After receiving pelvic radiotherapy, cancer survivors could live with low-grade chronic inflammation for up to 20 years post-treatment, according to an expert.
Survivors of cancer who underwent pelvic radiotherapy may cause them to live with low-grade chronic inflammation within the lower intestine about 20 years after treatment. A recent study has been published by researchers at the University of Gothenburg.
According to the National Cancer Institute, radiotherapy is a high energy radiation that can shrink cancer cells and shrink tumors. This is possible due to x rays, gamma rays, neutrons and protons. Radiation that is used to kill cancer cells and shrink tumors can be outside of the body, or from a device placed near the body.
In order to slow down or get rid of cancer, radiotherapy is necessary. Although it has advanced immensely within the past few years, radiotherapy can still negatively affect healthy tissue where the radiation is taking place. The study noted that cancer survivors involved may have had cervical, prostate or rectum cancers.
The study focused on the side effects of radiotherapy within the lower abdomen in cancer survivors. Radiotherapy within the pelvic area can negatively affect the thin line of mucus that protects the mucous membrane from bacteria. Radiotherapy removes this thin layer, causing bacteria to spread within the body and to the intestine. This may also have an effect on low-grade inflammation that was found within the intestine in patients that had been exposed to radiotherapy years prior.
There were 28 individuals who were analyzed within the study, 24 being cancer survivors. The control group consisted of four patients who did not previously receive radiotherapy. Patients ranged from two years since radiotherapy to 20 years since radiotherapy. The study authors determined that median time between the end of radiotherapy to an intestinal biopsy was five years.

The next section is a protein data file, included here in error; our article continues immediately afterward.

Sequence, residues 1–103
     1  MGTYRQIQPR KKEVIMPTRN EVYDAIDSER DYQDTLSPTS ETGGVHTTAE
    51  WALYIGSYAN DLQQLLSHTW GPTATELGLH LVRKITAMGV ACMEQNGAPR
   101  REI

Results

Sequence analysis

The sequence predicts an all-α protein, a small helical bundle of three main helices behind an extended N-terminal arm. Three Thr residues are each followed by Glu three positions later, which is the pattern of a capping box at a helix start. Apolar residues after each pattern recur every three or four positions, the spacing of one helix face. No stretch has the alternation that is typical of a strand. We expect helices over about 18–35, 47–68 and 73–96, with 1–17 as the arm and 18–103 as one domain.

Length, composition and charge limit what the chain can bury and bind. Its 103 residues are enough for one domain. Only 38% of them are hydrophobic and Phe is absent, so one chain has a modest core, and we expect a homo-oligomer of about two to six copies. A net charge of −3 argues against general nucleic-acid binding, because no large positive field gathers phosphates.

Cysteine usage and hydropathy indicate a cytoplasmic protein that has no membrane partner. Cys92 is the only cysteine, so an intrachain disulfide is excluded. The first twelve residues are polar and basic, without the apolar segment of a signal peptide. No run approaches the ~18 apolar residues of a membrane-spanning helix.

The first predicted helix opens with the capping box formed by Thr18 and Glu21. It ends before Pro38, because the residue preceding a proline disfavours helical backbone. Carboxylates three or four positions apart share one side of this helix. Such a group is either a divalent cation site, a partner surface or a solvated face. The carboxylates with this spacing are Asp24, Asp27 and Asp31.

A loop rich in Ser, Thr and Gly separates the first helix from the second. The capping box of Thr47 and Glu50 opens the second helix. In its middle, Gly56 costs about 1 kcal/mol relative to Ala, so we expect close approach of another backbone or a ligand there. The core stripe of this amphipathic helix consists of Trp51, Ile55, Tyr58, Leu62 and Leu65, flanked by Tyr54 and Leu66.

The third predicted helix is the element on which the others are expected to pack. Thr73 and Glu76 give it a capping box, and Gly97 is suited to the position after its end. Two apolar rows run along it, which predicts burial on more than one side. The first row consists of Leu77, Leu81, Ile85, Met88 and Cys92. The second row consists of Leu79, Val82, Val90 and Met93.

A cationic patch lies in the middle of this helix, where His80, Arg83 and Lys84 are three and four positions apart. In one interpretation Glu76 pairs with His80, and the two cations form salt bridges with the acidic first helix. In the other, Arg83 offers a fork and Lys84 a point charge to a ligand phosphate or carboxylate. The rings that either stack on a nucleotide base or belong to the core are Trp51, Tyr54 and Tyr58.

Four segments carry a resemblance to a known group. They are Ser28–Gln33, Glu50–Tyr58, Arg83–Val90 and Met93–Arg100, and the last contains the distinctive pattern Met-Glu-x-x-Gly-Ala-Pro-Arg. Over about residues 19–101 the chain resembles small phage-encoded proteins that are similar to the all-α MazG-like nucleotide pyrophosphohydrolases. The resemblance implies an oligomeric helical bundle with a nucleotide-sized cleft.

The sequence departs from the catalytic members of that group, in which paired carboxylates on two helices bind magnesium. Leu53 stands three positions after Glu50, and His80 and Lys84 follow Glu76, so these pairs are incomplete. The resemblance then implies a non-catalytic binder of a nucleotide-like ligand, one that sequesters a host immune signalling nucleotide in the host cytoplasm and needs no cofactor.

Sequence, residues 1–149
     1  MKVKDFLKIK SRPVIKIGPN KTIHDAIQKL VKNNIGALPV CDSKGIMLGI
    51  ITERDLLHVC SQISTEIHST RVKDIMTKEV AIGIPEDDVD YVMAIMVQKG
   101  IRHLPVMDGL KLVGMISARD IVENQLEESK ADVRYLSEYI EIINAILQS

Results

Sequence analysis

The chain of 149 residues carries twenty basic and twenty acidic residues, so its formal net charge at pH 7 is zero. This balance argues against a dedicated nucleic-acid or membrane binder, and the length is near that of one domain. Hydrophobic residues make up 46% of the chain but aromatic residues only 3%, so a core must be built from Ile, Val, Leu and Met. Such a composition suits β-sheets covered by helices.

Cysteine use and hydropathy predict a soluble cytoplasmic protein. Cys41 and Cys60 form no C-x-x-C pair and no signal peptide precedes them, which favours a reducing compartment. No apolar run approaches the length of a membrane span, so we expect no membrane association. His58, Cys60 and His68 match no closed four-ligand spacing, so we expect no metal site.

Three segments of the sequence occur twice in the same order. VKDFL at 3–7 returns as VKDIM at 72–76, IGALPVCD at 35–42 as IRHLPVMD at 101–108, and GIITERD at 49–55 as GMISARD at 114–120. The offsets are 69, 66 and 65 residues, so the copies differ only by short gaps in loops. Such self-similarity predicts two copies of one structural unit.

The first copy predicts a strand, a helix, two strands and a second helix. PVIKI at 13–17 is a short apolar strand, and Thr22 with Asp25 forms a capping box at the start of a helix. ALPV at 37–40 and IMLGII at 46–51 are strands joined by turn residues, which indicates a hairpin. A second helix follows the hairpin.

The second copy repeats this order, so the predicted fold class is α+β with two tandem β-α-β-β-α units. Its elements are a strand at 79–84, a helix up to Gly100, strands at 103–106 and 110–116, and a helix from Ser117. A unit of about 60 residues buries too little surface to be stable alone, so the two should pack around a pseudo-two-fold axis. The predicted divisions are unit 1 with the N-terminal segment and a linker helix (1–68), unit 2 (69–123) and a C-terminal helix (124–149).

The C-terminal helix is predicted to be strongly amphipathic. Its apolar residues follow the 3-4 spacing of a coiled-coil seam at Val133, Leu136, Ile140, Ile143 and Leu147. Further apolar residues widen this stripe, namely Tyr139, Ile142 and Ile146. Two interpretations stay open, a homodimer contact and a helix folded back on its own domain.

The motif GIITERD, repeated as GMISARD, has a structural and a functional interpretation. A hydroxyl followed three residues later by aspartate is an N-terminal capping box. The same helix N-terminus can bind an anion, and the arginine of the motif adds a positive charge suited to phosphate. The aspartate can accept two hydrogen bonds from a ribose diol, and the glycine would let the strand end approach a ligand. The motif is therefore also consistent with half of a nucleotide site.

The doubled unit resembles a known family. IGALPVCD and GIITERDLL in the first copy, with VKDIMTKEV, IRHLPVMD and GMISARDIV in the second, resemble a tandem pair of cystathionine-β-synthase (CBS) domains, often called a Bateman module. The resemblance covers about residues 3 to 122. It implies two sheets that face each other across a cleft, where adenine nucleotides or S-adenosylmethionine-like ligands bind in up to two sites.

“It can be hard to detect low-grade inflammation,” said Sravani Devarakonda, a researcher at the University of Gothenburg’s Sahlgrenska Academy and lead author of the study. “This is the first time researchers have been able to show with certainty that this is happening in cancer survivors, a long time after pelvic radiotherapy has ended. We saw signs of low-grade inflammation as late as twenty years after radiotherapy.”
Although symptoms were common for survivors who previously underwent radiotherapy, the severity of symptoms ranged from tenesmus (constantly using the bathroom after feeling like the bowels weren’t fully released) to continuous diarrhea, the study established.
Researchers will continue to determine whether low-grade inflammation after radiotherapy causes these symptoms and which symptoms correlate to inflammation. The researchers are also investigating the intestines resistance to radiotherapy to depict long term symptoms for patients.
“Our study subjects included both patients who had received traditional radiotherapy and those who had the more targeted form, IMRT,” Devarakonda said. “We saw low-grade inflammation in both groups. The damage to the surrounding tissue can be limited by IMRT, but there are still long-term inflammatory changes.”
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